The issue was raised by Ms. Rose Holland who claimed Bandon was filthy with rubbish, with torn black bags strewn around the streets. In her opinion, pay-by-weight introduced over two years ago, wasn’t working and she hated to think what must be stored in back gardens by people not in a position to dispose of all their rubbish. She wondered if a fairer method of taxation could be introduced in which everyone paid according to their means and proposed that the county council be asked to review pay-by-weight.
The manager, Mr. Noel O’Keeffe said that to do this would fly in the fact of the E.U. polluter pays principle but noted the comments made. Mr OKeefe neglected to mention that the irish government had not adopted this EEU legislation into irish law-and probably never will ,because farmers and big business would then also to pay-not just the little people with their domestic waste..
Mayor Pat Connolly agreed that pay-by-weight wasn’t working and had to be re-addressed because there were litter black spots all around the town. Unfortunately, there appeared to be an unwillingness or inability on the part of the county council to address and enforce the laws concerning illegal dumping. “Our countryside is being destroyed and I’ve never seen so many rats on our roads.”
The manager said it was easy to target local authorities but it was people who caused litter. The mayor said 95 to 99% of people were civic-minded, segregated waste, recycled and used bring and civic amenity sites but there had to be enforcement to deal with the minority who were not. He believed the buck stopped with the Department of the Environment which had to provide the necessary funding and resources to combat illegal dumping. At present, it seemed enforcement of the law depended on the revenue to be gained from it but the problem was coming up month after month and feelings were running high.
Mr. John Desmond seconded Ms. Holland’s proposal for a review of pay-by-weight and Mrs. Margaret Murphy-O’Mahony proposed that a letter be sent to waste management operations in County Hall expressing disappointment that they had to date not sent a representative to meet Bandon TC and repeating the request for this. Mrs. Liz O’Brien seconded.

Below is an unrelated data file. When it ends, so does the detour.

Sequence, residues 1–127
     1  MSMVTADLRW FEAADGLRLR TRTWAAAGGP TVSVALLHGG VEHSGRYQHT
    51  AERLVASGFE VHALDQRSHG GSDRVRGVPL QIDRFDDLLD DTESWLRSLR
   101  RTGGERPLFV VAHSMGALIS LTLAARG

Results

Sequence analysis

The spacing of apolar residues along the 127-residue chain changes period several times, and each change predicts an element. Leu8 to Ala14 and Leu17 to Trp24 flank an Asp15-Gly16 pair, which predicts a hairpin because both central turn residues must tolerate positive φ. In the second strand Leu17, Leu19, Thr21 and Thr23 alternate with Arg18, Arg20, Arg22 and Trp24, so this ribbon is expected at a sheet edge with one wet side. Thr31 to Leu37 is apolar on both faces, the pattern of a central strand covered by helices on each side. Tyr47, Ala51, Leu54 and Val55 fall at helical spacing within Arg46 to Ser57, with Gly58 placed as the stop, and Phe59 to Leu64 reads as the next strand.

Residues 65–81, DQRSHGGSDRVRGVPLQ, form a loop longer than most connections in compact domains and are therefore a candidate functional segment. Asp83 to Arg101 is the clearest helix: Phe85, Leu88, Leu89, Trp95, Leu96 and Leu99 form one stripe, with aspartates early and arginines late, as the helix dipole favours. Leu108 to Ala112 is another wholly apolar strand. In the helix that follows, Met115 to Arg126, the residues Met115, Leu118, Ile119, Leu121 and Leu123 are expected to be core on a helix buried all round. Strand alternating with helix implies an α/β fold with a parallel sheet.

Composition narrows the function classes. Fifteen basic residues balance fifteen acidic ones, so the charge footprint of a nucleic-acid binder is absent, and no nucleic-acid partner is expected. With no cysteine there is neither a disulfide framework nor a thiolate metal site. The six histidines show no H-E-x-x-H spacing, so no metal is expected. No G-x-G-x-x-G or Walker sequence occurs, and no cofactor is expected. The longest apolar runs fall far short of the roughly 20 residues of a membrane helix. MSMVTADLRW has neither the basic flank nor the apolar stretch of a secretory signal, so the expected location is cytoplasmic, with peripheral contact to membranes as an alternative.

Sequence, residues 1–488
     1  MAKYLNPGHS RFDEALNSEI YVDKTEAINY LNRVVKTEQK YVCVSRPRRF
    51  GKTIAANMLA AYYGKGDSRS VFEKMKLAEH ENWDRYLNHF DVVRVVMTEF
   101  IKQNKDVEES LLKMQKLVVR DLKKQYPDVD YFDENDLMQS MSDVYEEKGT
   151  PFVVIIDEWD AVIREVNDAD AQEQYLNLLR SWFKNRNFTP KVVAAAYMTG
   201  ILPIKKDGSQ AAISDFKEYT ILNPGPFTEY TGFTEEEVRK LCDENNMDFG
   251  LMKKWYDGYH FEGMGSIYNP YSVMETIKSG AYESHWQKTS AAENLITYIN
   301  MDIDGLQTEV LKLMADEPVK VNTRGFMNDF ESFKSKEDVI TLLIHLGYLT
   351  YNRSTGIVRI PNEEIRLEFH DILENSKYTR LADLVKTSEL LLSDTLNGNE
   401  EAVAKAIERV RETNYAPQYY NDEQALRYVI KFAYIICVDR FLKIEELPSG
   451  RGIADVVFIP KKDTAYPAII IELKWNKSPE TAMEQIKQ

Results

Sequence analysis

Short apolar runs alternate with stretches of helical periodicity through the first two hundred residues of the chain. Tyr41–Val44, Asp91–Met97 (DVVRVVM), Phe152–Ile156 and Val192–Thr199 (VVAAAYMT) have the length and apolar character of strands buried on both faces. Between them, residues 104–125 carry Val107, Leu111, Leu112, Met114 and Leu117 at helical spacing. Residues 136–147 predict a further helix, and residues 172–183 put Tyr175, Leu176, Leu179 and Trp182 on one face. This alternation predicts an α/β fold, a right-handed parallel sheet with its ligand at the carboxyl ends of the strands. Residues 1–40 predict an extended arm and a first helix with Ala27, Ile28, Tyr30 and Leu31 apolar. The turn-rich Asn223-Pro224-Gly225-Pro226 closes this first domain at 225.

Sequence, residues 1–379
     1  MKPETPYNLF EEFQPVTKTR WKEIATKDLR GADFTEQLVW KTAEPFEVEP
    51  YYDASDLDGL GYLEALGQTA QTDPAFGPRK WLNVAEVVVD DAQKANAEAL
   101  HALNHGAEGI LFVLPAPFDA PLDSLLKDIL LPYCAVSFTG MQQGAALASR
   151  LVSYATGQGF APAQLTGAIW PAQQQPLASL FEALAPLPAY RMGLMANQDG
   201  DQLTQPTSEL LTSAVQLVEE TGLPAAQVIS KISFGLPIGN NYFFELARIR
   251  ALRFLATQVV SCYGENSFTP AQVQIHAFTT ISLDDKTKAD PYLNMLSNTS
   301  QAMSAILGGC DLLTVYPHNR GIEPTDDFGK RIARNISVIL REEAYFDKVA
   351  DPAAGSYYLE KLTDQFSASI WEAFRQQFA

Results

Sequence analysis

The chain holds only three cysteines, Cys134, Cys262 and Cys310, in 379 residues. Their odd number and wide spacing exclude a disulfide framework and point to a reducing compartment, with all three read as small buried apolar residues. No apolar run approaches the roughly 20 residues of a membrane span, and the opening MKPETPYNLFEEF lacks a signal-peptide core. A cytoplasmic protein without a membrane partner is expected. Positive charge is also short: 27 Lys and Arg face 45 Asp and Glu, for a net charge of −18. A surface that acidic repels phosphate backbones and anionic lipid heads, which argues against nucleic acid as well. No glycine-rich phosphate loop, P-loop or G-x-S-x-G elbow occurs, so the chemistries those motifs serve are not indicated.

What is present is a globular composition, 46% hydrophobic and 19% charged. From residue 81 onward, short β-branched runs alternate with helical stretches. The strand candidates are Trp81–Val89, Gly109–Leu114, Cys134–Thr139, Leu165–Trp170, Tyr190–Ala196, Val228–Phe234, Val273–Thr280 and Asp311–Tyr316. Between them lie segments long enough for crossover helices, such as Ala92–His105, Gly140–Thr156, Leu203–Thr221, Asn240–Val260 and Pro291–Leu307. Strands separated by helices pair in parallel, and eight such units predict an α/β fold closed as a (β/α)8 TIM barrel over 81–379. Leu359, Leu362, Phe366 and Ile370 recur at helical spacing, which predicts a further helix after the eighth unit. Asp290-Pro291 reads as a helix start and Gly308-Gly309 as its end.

Mr. Andrew Coleman said he would not be in favour of any system in which a polluter could benefit. He believed pay-by-weight was a good thing because it made people more conscious of the environment while the new Bandon civic amenity site was fantastic. Polluters were to blame, not the system. Mrs. Murphy-O’Mahony said no one was against recycling but it was fact one could see bags of ashes and nappies everywhere you walked.
Mr. Coleman also said there was a responsibility on landlords to provide adequate facilities for proper disposal of domestic refuse by their tenants. There were plenty of companies, along with the council, providing such a service so there was no excuse. In agreement, Mr. Bob Deane said he was convinced a lot of bags to be found next to street litter bins and outside business premises originated from apartments.
Since pay-by-weight came in, there had been a problem with people trying to dispose of rubbish in the shopping centre, said Mr. Don McCarthy who called for more prosecutions and one full time litter warden for Bandon town so that people would see that polluters did pay. Ms. Holland concurred, adding that such offences were most unfair on those struggling to make payments under pay-by-weight.
If you have -lets say- a box of ceramic tiles to dispose of, and they weigh a ton, (they are small but you going to pay a fortune to your local waste disposal contractor) are you going to dump them in the ditch down the road or pay up?
A DUBLIN local authority has spent millions of euro of taxpayers' money buying an illegal dump so that it can form part of an official landfill site.
Fingal County Council bought the land on which the illegal dump was sited to build the Tooman Nevitt landfill in north Dublin, currently being considered for planning permission by An Bord Pleanala.
Information released to a local opposition group says the council spent €8.3m buying the 40 acres of land on which the dump is located.
Waste operators Greenstar said the decision to purchase the site could contravene Government policy which required that illegal landfills were cleaned up by the landowner.
Yesterday, the council's director of services PJ Howell said the illegal dump was an "historic" landfill on which dumping continued after the expiry of a waste licence.
"We bought it because it was a strategic bit of land we needed."
The proposed new landfill, if granted permission, will accept half a million tonnes of waste each year and operate for up to 30 years.
April 14 2008
© Irish Independent